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True Designer Originals

Rodriguez made his point succinctly: lean trousers that flare just over the shoes, extravagant coats that reach to the ankles and are cinched at the waist, trim jackets with the seams clearly delineated. There was a singular dress in white with a pattern of flowers sketched out in embroidery that lingered in the imagination.

Perhaps asking for more is like demanding small talk from someone who prefers intimate conversations. Why should Rodriguez prattle on when his point has already been made?

The menswear collection that Thom Browne put on the runway Monday was personal, fearless, particular and, perhaps, reckless. All of which made it extraordinarily compelling. Browne, who is also working on a collection for Brooks Brothers, has attacked staid menswear at the jugular -- the business suit in its traditional banker grays. For fall, he maintains his distinctive proportions with trousers cropped to the ankles and shrunken jackets. Isn't every man a 38 short?

As his models walked along a faux snow-covered pebble path in an indoor pine forest, one was struck by how many ways Browne has found to re-create the business suit without losing its essence. In addition to shifting the proportions, he pleated the suit, lined it in fur, cut it out of mink, made it in a patchwork. His finale was a coy reference to the traditions of the old-fashioned womenswear show. Instead of sending out a bride, he sent out a groom in a formal suit. His train was 10 feet of pleated men's shirting.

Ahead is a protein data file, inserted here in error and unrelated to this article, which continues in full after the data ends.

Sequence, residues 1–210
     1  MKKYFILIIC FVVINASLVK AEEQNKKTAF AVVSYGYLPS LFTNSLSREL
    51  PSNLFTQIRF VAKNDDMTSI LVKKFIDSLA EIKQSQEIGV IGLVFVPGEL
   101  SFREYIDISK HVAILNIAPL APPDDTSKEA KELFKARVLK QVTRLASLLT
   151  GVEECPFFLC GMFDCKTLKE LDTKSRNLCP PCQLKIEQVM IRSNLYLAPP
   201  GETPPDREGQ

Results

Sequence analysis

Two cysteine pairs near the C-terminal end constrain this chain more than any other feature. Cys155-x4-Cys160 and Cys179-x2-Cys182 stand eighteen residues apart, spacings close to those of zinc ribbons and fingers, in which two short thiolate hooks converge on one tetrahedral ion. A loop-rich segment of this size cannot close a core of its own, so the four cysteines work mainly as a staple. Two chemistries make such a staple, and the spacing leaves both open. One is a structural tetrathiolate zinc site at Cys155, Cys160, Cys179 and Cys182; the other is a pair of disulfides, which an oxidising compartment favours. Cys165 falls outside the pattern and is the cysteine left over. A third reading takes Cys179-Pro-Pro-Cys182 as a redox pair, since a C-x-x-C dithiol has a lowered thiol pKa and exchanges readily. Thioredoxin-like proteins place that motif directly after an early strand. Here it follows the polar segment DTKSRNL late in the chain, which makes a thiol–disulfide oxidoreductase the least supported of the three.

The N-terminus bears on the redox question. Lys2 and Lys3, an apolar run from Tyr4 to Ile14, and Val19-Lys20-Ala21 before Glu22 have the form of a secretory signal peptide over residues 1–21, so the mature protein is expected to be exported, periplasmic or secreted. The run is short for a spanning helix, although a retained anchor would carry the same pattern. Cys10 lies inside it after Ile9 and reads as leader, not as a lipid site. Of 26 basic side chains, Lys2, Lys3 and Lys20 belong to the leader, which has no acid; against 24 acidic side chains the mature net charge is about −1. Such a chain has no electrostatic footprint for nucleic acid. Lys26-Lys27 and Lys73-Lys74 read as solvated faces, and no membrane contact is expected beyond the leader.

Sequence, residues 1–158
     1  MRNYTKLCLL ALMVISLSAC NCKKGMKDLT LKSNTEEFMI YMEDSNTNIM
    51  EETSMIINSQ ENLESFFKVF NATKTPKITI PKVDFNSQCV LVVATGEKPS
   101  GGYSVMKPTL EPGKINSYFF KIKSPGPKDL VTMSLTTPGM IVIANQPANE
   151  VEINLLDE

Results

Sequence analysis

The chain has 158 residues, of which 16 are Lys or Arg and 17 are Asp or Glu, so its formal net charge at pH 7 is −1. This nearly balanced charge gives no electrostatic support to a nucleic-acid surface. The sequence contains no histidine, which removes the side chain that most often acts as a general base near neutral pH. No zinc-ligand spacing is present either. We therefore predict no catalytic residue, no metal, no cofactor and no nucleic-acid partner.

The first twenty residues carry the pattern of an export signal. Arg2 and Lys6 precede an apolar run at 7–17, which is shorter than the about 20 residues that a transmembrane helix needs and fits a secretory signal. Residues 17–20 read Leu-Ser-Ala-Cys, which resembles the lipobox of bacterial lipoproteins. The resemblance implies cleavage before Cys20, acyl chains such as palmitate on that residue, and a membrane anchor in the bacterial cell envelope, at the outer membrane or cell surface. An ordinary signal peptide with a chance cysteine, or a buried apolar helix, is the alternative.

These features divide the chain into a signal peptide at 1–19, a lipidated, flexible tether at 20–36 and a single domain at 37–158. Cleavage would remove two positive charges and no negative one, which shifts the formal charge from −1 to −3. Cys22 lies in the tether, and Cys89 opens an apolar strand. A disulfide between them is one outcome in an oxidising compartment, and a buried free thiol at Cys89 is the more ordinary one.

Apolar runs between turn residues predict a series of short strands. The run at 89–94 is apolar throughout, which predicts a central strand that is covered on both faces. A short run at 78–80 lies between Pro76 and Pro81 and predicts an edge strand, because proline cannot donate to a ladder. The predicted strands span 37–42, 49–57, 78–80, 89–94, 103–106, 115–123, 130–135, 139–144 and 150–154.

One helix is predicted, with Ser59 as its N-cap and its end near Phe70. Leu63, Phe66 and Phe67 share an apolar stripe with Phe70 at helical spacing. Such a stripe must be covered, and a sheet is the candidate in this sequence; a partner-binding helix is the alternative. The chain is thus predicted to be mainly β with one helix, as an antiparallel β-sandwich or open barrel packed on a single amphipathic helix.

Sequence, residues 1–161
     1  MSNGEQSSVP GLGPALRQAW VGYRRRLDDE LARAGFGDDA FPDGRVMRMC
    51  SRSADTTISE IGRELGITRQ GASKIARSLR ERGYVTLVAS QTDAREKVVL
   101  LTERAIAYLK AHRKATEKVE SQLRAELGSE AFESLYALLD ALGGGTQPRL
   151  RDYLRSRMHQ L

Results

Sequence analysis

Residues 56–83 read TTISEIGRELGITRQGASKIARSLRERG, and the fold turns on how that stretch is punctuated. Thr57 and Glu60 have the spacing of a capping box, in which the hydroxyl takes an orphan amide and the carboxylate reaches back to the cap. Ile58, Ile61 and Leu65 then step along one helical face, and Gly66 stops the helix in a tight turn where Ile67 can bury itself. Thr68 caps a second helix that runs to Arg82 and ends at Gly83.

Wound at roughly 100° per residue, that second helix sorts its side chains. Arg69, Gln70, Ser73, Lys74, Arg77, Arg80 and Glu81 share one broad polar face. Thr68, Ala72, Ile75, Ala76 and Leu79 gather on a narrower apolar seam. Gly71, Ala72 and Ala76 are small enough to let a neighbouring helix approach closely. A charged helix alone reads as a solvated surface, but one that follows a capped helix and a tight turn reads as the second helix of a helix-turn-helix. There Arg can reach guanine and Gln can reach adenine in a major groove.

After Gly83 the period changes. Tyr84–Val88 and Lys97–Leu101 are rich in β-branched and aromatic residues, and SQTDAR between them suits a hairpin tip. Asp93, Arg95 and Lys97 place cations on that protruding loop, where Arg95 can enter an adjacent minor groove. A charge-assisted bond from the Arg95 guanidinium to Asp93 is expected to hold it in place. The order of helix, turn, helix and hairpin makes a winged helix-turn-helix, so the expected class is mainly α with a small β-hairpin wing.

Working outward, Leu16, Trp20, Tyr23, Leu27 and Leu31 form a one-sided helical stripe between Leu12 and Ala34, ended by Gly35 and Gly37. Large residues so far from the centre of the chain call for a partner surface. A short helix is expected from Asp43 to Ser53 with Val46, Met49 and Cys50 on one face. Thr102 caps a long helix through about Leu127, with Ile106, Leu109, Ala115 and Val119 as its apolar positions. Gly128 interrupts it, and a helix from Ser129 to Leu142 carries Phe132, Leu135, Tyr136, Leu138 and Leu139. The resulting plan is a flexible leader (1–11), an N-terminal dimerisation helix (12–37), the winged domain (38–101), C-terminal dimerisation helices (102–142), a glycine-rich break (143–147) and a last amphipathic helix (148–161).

Derek Lam, Rodarte

The runway can be intimidating. It demands technical skill, philosophical clarity, nerve and maturity. The designers Derek Lam and Rodarte's Laura and Kate Mulleavy, who are sisters, each lacked one or more of those ingredients this season.

Lam presented a pretty collection Tuesday, but it was a disappointing runway presentation. Lam's design expertise was apparent in his execution of slim-fitting trousers in black suede and leather, skater skirts in heavy wool, fitted dresses with corset seaming and industrial zippers. But each idea was evocative of another designer's vision. One could see nods to Rodriguez, Balenciaga, Proenza Schouler and Prada. But it was impossible to tease out Lam's philosophy. For several seasons, Lam has embraced a soft, romantic sensibility. Now he has shifted to aggressive tailoring. The transformation should be celebrated but not if it comes at the expense of identity.

Lam made it clear that he is a talented craftsman with an eye for good taste. But before he steps on the runway again, he has to decide what kind of designer he would like to be.

The Rodarte collection needs maturity and better technique. The designers are known for their handcrafted clothes, each elaborate detail painstakingly sewn by one sister or another. One could almost see the fatigue in the collection they showed Tuesday. Big ideas such as an elaborately draped cocktail dress with contrasting beading called for a sharper eye and a finer touch. A pleated chiffon dress was tormented by a sheer over-slip that stood away from the body thanks to a hoop that swung back and forth as the model walked, creating the illusion that her derriere was as wide as a door frame. Ruffles didn't gracefully cascade; they drooped. On the Rodarte runway, the creative process had gone awry .

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